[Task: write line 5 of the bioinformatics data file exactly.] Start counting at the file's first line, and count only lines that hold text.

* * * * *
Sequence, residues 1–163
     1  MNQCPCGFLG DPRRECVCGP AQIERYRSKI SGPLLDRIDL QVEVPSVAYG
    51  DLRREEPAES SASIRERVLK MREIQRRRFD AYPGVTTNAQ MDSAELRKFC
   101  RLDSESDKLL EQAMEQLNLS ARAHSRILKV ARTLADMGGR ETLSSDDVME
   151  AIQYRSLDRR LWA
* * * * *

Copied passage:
   151  AIQYRSLDRR LWA